In The Chosen Folks: Jews on the Frontiers of Texas (Austin: University of Texas Press, 2010), Bryan Edward Stone uses the idea of the frontier to conceptualize his history of Texas Jews. Perhaps this should come as no surprise as the tale of a place where the sixteenth century saw Spanish-heritage Crypto-Jews, the eighteenth and early nineteenth centuries presented fighting between white settlers (some of whom were Jewish) and Native Americans, and the subsequent racial landscape claimed Anglos, Blacks, and Mexicans. For some of us, however, thinking about the American West in terms of “frontier” conjures specters of the problematic interpretations of Frederick Jackson Turner: white men courageously conquering the land and its residents, civilization defeating barbarism.
But Stone reimagines the idea of the frontier to be a place of cultural coexistence, interaction, and negotiation. In this way, he writes, “American Jews are, and always have been, frontierspeople” (15). In justifying his choice of central motif, Stone relies on the recent work of Sander Gilman, who has proposed the idea of the frontier as a better image for understanding contemporary Jewish identity (specifically post-1948). Rather than clinging to traditional ideas like Diaspora or exile, using frontier metaphors allows us to imagine Jewish identity in more complex ways than one that identifies Israel as the center and the Diaspora as the periphery. Gilman writes: “Let us imagine a new Jewish history written as the history of Jews at the frontier, a history with no center, a history marked by dynamics of change, confrontation, and accommodation, a history that focuses on the present and in which all participants are given voice. The frontier is not the periphery… it is the conceptual and physical space where groups in motion meet, confront, alter, destroy, and build.” (Gilman, Jewish Frontiers, 15). The idea of the frontier leaves behind the center-periphery in respect to Israel and the Diaspora, but in the American context, it also unseats versions of American Jewish history in which New York serves as the paradigmatic locale of the Jewish experience.
Stone, therefore, sees this model of the frontier as a fruitful one for understanding the experiences and identities of Texas Jews throughout their history. By building on this conceptual framework, Stone’s work aligns with the methodological commitments of what we often call “borderlands” histories. (Although he never explains his preference for “frontier” over “borderlands,” it is clear that for Stone the two share much of their substance and method.) The Chosen Folks traces how the space of conceptual divide, contact, and difference played “a pivotal role in shaping Jewish identity and self-definition in Texas” (2).
At the outset, Stone claims that as frontierspeople, these Jewish Texans made poor Jews, and as Jews, they made poor frontierspeople. Stone shows that strictly observant traditional Jews—what he means here by “good Jews”—never constituted a large portion of Jewish Texans. Without large Jewish communities, religious observance like keeping kosher and observing the Sabbath could be quite difficult. Nevertheless, Stone’s research suggests, the Jews who did make their homes in Texas became different kinds of “good Jews”: Jews who negotiated to adapt and defend Jewish identity and what they saw as Jewish values. His chronologically organized history stretches from the Crypto-Jews and their descendants in the sixteenth century to present. Along the way, Stone provides insightful interpretations of major historical issues as well as the minutia of everyday life. He analyzes the early nineteenth century and its settler-“Indian” encounters in the “wild” region, interfaith friendships, reactions to early Zionism, responses to the Ku Klux Klan, Jewish participation in Texas politics, disagreements about religious practice within the Beth Israel synagogue, reactions to World War II and the Holocaust, and interaction with the Civil Rights movement.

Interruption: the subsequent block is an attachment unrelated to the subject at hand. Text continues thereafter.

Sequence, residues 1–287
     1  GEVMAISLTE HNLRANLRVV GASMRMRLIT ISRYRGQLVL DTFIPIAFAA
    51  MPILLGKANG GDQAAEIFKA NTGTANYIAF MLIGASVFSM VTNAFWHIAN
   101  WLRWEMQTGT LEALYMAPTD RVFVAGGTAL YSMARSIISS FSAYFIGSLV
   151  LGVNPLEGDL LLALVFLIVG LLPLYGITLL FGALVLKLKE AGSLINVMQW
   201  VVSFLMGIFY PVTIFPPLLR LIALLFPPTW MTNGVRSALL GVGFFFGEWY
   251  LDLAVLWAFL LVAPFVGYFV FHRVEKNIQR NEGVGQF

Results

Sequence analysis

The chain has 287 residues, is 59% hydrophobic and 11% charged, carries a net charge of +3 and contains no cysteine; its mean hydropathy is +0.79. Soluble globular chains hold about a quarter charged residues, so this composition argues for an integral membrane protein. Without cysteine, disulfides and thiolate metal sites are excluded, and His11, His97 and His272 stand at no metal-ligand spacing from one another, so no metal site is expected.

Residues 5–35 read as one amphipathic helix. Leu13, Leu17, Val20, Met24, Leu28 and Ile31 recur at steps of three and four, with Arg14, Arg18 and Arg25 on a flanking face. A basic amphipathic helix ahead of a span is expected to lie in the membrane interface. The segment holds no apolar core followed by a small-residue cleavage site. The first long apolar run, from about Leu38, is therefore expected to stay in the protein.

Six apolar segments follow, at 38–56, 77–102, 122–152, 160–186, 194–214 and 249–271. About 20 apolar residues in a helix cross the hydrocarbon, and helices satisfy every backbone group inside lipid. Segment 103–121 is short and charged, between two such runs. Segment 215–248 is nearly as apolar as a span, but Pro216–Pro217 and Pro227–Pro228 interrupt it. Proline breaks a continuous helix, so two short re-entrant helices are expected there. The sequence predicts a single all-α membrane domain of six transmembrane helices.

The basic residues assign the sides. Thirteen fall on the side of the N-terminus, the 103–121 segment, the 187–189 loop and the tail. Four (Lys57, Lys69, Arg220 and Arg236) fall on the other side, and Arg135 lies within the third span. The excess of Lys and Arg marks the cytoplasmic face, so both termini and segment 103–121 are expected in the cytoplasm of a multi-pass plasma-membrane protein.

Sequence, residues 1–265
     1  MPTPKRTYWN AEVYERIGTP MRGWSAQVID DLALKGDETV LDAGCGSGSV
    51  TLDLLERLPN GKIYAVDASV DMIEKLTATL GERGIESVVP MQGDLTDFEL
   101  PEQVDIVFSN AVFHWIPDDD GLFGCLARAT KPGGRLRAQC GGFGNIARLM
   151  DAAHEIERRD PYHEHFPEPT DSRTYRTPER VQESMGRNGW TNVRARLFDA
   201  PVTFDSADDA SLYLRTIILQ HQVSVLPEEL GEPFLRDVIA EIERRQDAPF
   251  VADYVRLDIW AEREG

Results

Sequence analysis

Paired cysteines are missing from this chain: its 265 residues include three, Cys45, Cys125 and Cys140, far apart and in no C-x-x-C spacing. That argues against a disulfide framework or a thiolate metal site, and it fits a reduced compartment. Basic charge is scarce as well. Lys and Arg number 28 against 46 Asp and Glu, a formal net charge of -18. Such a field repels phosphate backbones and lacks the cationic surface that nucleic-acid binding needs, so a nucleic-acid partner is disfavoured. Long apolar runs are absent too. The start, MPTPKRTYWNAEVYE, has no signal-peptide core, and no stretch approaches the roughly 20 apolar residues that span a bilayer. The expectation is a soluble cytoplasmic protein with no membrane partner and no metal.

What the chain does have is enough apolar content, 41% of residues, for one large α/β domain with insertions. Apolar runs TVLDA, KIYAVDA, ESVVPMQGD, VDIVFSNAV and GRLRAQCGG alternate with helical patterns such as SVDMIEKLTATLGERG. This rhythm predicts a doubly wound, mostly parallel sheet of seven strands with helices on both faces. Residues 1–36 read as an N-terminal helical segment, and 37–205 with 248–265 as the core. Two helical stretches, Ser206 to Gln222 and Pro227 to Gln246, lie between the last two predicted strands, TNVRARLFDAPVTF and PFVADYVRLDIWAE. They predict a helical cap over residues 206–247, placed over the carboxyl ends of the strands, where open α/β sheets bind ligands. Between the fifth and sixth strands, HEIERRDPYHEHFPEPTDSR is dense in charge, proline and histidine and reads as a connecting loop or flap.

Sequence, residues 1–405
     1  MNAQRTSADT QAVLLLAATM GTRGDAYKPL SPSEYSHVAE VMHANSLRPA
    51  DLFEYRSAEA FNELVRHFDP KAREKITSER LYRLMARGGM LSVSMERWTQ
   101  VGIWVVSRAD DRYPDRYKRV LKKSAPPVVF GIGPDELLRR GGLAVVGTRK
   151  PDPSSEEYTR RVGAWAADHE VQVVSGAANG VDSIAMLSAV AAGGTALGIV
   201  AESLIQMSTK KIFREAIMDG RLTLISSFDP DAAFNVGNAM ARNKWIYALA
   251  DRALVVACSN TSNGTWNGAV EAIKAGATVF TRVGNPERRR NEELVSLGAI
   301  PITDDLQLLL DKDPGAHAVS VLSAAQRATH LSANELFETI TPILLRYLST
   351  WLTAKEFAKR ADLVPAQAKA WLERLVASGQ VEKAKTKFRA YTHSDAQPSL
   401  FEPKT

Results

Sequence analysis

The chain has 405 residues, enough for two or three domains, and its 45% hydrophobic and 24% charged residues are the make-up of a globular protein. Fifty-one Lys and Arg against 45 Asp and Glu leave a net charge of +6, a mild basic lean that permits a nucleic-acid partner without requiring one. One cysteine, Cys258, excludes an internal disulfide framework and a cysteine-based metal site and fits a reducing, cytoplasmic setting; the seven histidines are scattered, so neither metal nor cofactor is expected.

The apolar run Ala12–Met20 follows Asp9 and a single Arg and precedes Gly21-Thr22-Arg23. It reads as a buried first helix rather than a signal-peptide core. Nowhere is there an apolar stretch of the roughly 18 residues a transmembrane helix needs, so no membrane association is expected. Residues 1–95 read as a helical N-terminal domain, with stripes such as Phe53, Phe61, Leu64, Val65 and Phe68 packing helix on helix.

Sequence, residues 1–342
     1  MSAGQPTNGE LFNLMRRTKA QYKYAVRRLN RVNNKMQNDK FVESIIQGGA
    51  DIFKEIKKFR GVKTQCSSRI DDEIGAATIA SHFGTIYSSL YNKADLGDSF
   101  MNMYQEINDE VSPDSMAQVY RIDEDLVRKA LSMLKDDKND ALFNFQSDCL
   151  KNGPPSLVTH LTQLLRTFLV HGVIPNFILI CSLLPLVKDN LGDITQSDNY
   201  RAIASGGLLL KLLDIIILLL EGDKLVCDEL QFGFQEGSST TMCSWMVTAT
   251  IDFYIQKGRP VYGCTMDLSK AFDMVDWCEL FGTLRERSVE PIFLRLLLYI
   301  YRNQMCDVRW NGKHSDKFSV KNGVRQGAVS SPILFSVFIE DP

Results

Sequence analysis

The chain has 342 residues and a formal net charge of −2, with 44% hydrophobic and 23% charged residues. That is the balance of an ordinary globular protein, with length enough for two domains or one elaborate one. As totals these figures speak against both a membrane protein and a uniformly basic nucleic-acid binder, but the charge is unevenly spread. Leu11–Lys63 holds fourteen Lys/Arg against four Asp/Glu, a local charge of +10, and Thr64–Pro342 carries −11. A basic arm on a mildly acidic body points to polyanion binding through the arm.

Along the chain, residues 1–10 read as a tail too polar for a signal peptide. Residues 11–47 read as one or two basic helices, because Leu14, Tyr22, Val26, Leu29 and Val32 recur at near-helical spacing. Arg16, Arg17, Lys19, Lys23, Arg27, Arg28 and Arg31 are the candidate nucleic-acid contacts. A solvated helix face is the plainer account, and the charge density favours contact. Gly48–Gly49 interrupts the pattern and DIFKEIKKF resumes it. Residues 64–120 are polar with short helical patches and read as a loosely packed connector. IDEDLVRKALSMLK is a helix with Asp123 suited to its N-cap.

While a single work could never cover all the details of Jewish Texas history, Stone’s wide-ranging attention to “frontiers” in the metaphorical sense allows him to present compelling accounts of both important episodes and larger social trends for Jewish Texans. For instance, his careful attention to the dynamics of the racial and religious components of Jewish identity demonstrates how Jews (as not Black, not Mexican, and not Indian) found themselves firmly in the category of Anglo, and yet nevertheless would experience the acrid rhetoric of the Klan. In this sense, The Chosen Folks sets itself apart from most other histories such as Hollace Ava Weiner’s Lone Stars of David and Jewish Stars in Texas that concentrate on telling the tales of individual personalities and communities.
If we take seriously the idea of the frontier as a metaphor for all Jewish identity—as Stone suggests—then The Chosen Folks may serve as a model for helping us to rethink the metaphorical topography of American Jewish history in two ways. It can help decenter an often New York-centric story, and it can offer a narrative based on borders and encounters rather than center and periphery.
Editor’s note: Have you read this book? What do you think about it? Join the conversation and leave your thoughts in the comments! If you have a suggestion for a future book of the month, or if you would like to review a book for the book of the month series, please contact us. Next month, James Bennett reviews Edward J. Blum and Paul Harvey, The Color of Christ: The Son of God and the Saga of Race in America (University of North Carolina Press, 2012).